Just wow, Mr Searle!

Wednesday, 9 May 2012

I, 2, 3

Advice to myself:

1. Don't be afraid to seek advice/criticism.
Sometimes I feel like I'm far too stubborn and protective with my ideas, before I've shared them with my tutors. I know I shouldn't be as scared about being open to criticism, because often it has meant that I've been able to keep my idea, just an improved version. I've really had confidence in my tutors understanding my work and being able to suggest useful ways of developing it as it is in progress, so it can reach its potential better. I should just stop being terrified that advice will send me off-track when it usually helps a great deal!

2. Be open to new techniques.
Tying into my first piece of advice, I think I should be open to suggestions for techniques that will help with the efficiency of my work. I've probably become too comfortable stuck with the things that I know. Maybe I should be more actively seeking ways of making my work commercially friendly and replicable.

3. Don't be worried that predominantly 'crafty' techniques won't show my drawing ability.
People have responded so well to my sculptural work that I worry they will think it is all I can do, when in fact, I still very much enjoy drawing and painting with watercolour. Thankfully I've been developing my work in a way that has allowed me to do a bit of everything-quite a 'multimedia' approach.

Tuesday, 8 May 2012

One day brief with graphics

We were paired up with graphics students for a day-long brief where we had to create a page for a college prospectus. Mine and Phil's page was based on an average day in the life of illustration and graphics at Stockport college. We began by comparing our days, the main difference (and similarity) being the studio environment.

We wanted to show the similarities (i.e. both in studios, sharing a common room) and differences side by side, so we went with a Harvey two-face style idea, showing a single room divided into graphics and illustration. The graphics, in contrast to illustration, is very neat and plain. We used photographs of real work from the graphics and illustration studios to print out in tiny sizes to decorate the set-up with. Phil made desks and a sofa while I made the vending machine, and we used a pair of interesting characters we found in a cupboard in the illustration studio, along with a pair of chattering teeth in the role of a tutor (and Sam was kind enough to lend us a little bird she made). We hung signs around to describe the events of the day a little bit. Phil had originally designed the title banner (that I really liked!) but decided he hated it so we used my hand writing throughout.

We used a light and photo booth from the photography department to take the final image (above) using Paul's posh Canon camera. Phil was the capable photographer- the only difficult part was deciding where to focus. In the end the sharpest parts of the image were the student characters, which I think works well.

Last week we also managed to experiment briefly with some stop motion animation. We made a 12 second video showing the tutor (chattering teeth) speaking to both students then chasing the illustration girl out of the room. Overwhelmed by the commotion, the graphics student also collapses. I loved doing this animation- it was so simple! And a lot of fun. Hopefully I will be able to apply it more to my own work in a relevant way next year.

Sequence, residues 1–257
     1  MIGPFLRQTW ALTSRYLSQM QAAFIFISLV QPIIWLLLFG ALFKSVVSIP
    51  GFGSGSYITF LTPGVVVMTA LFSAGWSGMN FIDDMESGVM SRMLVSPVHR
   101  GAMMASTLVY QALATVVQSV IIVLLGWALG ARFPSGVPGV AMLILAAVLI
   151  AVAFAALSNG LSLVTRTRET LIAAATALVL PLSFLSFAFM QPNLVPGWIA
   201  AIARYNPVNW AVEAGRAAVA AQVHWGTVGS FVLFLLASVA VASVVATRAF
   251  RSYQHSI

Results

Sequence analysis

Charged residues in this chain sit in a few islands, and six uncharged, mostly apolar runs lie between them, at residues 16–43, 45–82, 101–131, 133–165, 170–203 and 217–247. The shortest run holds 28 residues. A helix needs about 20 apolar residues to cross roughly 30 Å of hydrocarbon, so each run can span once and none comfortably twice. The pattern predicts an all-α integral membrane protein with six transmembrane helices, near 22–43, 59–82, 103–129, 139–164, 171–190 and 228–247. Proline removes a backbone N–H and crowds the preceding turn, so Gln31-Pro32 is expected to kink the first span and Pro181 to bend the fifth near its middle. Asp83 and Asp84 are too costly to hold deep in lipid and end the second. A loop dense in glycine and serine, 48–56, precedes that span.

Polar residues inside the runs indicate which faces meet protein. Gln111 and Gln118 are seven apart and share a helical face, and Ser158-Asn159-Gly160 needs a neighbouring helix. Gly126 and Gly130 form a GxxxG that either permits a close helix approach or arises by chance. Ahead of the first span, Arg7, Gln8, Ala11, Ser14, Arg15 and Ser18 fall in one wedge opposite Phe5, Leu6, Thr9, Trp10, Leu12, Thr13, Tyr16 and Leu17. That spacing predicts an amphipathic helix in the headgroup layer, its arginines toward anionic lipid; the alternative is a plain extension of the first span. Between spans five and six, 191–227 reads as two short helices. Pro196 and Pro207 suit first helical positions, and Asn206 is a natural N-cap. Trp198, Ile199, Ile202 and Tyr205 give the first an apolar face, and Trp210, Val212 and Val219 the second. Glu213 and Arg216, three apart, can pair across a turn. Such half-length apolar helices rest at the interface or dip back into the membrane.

Monday, 7 May 2012

Ben Howard

I've been listening to a lot of Ben Howard lately while I've been working. It's uplifting music-calming, but still with a motivating energy to it. Especially when I'm working alone, it's good to have a little sing-along to. 
I was lucky enough to see him live a year or so ago when I saw him at a gig with my friend from York, Nathan Luke. I remember thinking he was like a more lively, acoustic David Gray. It's good to hear him being played on the radio lots at the moment!
I'm addicted to this song at the moment:

Sunday, 6 May 2012

Little White Lies (further, and very late) progression.

Finally I have allowed myself a little time to bring together my work for this brief. Last Friday's studio day was spent drawing away, studies of Natalie Portman's character from Black Swan again. I've done emulsion transfers of a  few of these and they came out really nicely- a hazy, slightly bluer effect than the original pencil and ink drawings.
Today I'm continuing with my drawings, and tomorrow will make a trip into college to get some photocopying of these done, ready for more transfers. I need a few more drawings to sew into/onto the wire structure of the swan I've made. I will be leaving it partly exposed with key quotes from the film sewn into the interior, so that you can look inside the swan to read these. Annoyingly, I had pre-made lots of carefully cut out feathers to sew to the swan, painted with black ink, and these seem to have mysteriously disappeared. I will have to do a frantic search for those or make some more.
It's probably a little late to be worrying too much about this, but I'm slightly concerned that this work will lose a lot of its impact when it is transferred into a 2D format. As I'm unable to get the help of the photography department to photograph at the moment, I will be attempting to get a decent photograph of the sculpture to use in my cover design. Hopefully it will work well enough, but I can't stop thinking how much better this will probably look as it is- i.e. viewed in person, as an object. Perhaps my work is evolving into something more suited to installation art work? I'm not sure if I like this or not....
Something for me to ponder over...